Singapore Adventure

Saturday, August 13, 2005

No Way Out
by jima

No, it's not the Kevin Costner movie; it's our day trip to Johor Bahru, Singapore's Malaysian neighbor, just north across the causeway. We need an escape from our day-to-day lives in Singapore, so we're heading to JB with the plan to check out its single noteworthy tourist attraction, the Royal Abu Bakar Museum. What could be simpler?

The guide book described how to cross the border using the city bus lines. How could we go wrong? Walking to the museum looked simple; walking back to the border crossing, a breeze. How could we miss?

We have the bus system down, so everything went perfectly right up until we left the border checkpoint in Malaysia, thinking we needed to re-board the bus to go to the station we wanted. As we stepped off the escalator, we were assaulted by taxi drivers, offering us rides and informing us that there was no bus. "Hah!" we said to ourselves knowingly, "they're just lying to us so we take a cab! Oldest trick in the book." Well, maybe not. We walked a bit further and saw not only no bus, but no place where a bus would even fit. They had all vanished while we stood in the lines in immigration.

After a bit of reconnoitering, we discovered where we were not only on our map, but we were also less than a block from the place we'd picked for lunch. No harm done. Just a bit of confusion.

Energy stores replenished, we commenced our trek to the museum. We knew we were heading in the right direction - following the coastline makes this pretty easy even for me, the anti-Magellan - and shortly came upon a large decorative gate leading into beautifully manicured grounds. We felt some trepidation, though, at the distinct lack of any kind of sign indicating that tourists were actually welcome. And the uniformed guards carrying rifles didn't look all that friendly.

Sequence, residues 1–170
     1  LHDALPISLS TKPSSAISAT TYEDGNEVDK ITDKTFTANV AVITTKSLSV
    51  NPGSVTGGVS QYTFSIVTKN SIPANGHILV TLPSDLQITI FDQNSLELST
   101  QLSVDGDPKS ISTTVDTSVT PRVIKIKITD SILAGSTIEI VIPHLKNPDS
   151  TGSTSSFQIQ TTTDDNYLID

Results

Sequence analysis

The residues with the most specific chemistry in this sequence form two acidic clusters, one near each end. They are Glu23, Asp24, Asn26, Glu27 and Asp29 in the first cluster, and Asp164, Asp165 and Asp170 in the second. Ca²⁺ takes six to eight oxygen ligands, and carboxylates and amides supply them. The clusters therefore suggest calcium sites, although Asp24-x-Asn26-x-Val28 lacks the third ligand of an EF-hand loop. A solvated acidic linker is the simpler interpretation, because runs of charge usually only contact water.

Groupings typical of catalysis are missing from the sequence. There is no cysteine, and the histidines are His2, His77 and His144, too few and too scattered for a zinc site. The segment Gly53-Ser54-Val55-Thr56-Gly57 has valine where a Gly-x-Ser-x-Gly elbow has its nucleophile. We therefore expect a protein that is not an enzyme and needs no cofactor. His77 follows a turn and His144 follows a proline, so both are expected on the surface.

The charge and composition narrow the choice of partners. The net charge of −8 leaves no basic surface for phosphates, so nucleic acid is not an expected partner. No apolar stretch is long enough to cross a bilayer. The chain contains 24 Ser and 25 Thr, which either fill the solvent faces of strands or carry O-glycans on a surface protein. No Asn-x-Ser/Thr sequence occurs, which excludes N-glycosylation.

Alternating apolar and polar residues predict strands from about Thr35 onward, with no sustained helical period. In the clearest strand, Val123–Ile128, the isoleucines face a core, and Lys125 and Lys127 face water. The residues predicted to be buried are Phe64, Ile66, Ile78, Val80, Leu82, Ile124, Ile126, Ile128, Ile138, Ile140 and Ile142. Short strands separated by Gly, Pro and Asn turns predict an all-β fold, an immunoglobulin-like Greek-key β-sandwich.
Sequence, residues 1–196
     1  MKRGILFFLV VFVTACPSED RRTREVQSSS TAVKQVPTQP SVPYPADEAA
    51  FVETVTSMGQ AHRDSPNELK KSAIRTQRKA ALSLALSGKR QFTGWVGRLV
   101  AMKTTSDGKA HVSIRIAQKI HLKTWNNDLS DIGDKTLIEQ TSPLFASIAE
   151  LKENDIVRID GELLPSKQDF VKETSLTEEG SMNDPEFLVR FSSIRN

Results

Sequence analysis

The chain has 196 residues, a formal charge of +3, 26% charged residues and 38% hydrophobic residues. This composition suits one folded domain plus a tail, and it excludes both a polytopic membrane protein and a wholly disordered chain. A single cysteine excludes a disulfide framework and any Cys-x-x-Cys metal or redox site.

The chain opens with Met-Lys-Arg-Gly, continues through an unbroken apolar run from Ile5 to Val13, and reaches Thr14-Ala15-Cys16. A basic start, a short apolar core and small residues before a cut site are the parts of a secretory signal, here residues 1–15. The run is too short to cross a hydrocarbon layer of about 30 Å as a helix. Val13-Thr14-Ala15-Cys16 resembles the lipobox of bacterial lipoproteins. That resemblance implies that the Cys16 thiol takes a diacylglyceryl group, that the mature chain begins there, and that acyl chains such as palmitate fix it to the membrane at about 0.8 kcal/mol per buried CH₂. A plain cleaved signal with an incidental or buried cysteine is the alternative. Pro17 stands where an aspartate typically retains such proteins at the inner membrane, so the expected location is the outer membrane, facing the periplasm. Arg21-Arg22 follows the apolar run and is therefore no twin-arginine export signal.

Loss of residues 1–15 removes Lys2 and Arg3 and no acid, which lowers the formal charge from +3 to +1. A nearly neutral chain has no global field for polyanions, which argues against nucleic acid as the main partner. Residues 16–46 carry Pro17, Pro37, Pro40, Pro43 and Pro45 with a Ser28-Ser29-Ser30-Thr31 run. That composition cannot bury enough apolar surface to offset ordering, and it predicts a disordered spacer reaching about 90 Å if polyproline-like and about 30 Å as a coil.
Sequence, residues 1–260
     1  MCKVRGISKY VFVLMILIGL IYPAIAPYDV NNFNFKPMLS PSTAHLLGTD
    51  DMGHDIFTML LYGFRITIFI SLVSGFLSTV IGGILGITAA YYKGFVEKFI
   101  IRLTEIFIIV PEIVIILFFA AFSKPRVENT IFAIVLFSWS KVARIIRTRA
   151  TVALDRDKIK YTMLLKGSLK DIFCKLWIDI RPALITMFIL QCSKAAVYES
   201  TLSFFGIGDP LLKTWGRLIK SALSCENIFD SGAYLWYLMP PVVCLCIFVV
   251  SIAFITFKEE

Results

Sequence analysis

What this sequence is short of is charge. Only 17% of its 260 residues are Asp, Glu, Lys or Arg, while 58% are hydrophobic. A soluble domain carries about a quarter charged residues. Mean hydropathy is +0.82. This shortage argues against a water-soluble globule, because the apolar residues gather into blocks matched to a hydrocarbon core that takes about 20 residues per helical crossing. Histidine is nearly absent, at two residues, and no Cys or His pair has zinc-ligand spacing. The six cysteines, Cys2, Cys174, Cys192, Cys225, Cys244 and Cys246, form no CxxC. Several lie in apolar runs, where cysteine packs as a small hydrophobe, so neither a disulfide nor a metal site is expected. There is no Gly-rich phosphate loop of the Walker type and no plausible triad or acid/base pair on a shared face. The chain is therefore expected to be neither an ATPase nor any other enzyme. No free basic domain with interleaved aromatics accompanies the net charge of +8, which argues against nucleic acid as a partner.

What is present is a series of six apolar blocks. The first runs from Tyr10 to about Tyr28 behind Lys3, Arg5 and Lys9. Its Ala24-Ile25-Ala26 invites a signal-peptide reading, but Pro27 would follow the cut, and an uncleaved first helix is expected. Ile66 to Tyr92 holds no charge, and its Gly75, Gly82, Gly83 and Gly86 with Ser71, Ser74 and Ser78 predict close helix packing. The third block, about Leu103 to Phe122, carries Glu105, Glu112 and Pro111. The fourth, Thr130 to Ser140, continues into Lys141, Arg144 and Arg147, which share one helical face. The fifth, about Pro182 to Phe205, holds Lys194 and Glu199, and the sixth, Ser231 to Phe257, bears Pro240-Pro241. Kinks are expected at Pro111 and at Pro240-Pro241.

Lacking other good options and in dire need of a restroom, we bravely ventured forth. Thankfully, the first guard we addressed was friendlier than he looked, and he assured us that this was, indeed, the museum. "No problem.", we said to ourselves. "We must just wandered in the wrong gate. that's why there were no signs."

But several hours, a crystal furniture set, and an gaur-leg ashtray later, as we attempted to leave the museum, we discovered that we had not come in through the back gate. No, we had entered, as near as we can tell, through the only gate. We asked a guide for directions. We wandered in the stifling heat. We saw the Japanese temple on the grounds. We asked a ticket-taker for directions. We wandered in the stifling heat. We sat in the shade of the gazebo amid the flower garden. We asked other tourists for directions. We wandered in the stifling heat. We saw the "royal zoo". Venitha walked down a sunny path beside the emus yelling "Let me out!" We decided to take our chances and jump the monsoon gutter to escape.

After escaping the museum, we spent the afternoon walking along the waterfront in search of the great seafood for which JB is known. This sounds immensely more pleasant than it was. It was hot and sunny. The waterfront in this part of JB runs along a very busy road. It did provide a nice view, though, described by the guidebook as "the industrial backside of Singapore". Charming.

As the afternoon waned, we made our way back to the border crossing. Up the same busy street, through the same tunnel, up the same escalator, thinking to ourselves, "Yeah! We're finally escaping back to Singapore."

Well, maybe not. Turns out you have to dodge traffic for about a kilometer in the opposite direction along a very busy we-don't-need-no-stinkin'-sidewalks street, then cross the very busy we-don't-need-no-stinkin'-crosswalks-either six lanes of traffic to get to the part of the checkpoint that would actually let you out of Malaysia. Think we should have just taken a cab? Maybe flagged down Kevin Costner as he cruised by in his limo?

Say what you will about Singapore, and Lord knows, we have, they do understand the concept of exits. We're happy to make regular use of them, but nothing makes us happier to be here than arriving back after a trip away.